"I thought I was going to die." said Hla Nu Sein. "I couldn't run fast as my knee is not good. There are some elders still left in the village."

She said her home had been burned down twice in the last few years of escalating violence between Rakhine Buddhists and Muslim Rohingya, whom the Buddhists regard as having immigrated illegally from Bangladesh, though many have lived in Myanmar for generations. There was no way to confirm her story.

Another fleeing resident, Khin Than Kyi, also blamed the Muslims and said they'd made the area unsafe.

"The problem at the moment is the (people from South Asia) set fire to the villages in the northern part of Maungdaw. There is nowhere safe to stay in Maungdaw if it is close to their villages. That's why we are running away."

The fleeing Buddhist families were driving toward Buthidaung, where monasteries on Monday were taking in the displaced, giving them a temporary home.

A Rohingya insurgent group, the Arakan Rohingya Salvation Army, or ARSA, took responsibility for Thursday night's attacks on more than 25 locations, saying they were in defense of Rohingya communities that had been brutalized by government forces. They vowed to continue to defend the communities.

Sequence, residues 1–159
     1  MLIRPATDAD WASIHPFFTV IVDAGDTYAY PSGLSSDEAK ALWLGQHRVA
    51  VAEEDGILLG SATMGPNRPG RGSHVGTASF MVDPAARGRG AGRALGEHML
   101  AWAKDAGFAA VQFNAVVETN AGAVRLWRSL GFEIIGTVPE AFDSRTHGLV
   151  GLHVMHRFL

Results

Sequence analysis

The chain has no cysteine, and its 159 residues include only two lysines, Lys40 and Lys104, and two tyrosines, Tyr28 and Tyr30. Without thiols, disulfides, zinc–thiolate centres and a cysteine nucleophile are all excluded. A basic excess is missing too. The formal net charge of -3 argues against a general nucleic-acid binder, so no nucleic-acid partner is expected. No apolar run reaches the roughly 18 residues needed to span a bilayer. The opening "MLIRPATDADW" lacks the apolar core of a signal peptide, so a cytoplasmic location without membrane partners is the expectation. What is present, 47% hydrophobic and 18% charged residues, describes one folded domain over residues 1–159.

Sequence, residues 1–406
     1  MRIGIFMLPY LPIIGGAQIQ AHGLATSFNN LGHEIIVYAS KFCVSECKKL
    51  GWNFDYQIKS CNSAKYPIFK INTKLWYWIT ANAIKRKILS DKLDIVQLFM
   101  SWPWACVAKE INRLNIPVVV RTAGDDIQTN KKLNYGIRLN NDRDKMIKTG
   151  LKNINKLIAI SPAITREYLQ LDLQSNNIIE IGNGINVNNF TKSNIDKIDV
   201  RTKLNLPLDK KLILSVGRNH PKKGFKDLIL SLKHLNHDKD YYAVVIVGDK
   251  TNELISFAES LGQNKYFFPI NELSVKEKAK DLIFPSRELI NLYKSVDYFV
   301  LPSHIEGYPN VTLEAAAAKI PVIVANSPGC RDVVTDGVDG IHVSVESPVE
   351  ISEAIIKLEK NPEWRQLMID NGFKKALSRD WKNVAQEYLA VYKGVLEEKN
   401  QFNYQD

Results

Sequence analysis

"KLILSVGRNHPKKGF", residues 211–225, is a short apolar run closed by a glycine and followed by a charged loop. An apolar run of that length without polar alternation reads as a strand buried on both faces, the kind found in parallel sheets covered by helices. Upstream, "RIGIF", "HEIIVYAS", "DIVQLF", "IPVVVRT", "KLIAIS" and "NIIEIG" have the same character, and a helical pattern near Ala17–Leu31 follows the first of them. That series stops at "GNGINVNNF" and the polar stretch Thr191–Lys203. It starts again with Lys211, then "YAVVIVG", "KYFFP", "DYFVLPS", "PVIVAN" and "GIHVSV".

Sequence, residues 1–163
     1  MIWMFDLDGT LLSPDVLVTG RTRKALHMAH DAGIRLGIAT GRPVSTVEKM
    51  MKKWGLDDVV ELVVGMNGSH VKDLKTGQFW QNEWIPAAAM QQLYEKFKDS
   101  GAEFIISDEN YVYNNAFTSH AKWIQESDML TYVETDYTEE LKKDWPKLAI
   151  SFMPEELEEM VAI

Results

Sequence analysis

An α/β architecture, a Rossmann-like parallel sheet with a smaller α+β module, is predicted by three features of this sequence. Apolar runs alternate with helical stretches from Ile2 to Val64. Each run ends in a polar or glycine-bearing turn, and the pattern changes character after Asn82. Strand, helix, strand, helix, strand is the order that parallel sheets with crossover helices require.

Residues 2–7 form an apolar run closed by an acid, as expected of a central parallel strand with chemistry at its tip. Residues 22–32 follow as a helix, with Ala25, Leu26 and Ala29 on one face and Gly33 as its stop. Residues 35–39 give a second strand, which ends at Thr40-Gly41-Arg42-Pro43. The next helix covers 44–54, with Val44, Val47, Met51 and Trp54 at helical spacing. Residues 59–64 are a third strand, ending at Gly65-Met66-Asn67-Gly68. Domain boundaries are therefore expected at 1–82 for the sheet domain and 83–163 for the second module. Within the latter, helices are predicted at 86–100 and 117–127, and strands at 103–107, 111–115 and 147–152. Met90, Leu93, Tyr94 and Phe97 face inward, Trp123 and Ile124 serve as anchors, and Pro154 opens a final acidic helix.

The Rohingya have long faced severe discrimination and were the targets of violence in 2012 that killed hundreds and drove about 140,000 people — predominantly Rohingya — from their homes to camps for the internally displaced, where most remain.

The government refuses to recognize Rohingya as a legitimate native ethnic minority. Most Rohingya are denied citizenship and its rights.

The raids last Thursday were deadlier than an attack by the militants on three border posts last October that killed nine policemen and set off months of brutal counterinsurgency operations by Myanmar security forces against Rohingya communities in Rakhine state. Human rights groups accused the army of carrying out massive human rights abuses, including killing, rape and burning down more than 1,000 homes and other buildings.

The army's abuses fueled further resentment toward the government among the Rohingya. ARSA took advantage of the resentment by stepping up recruitment of members.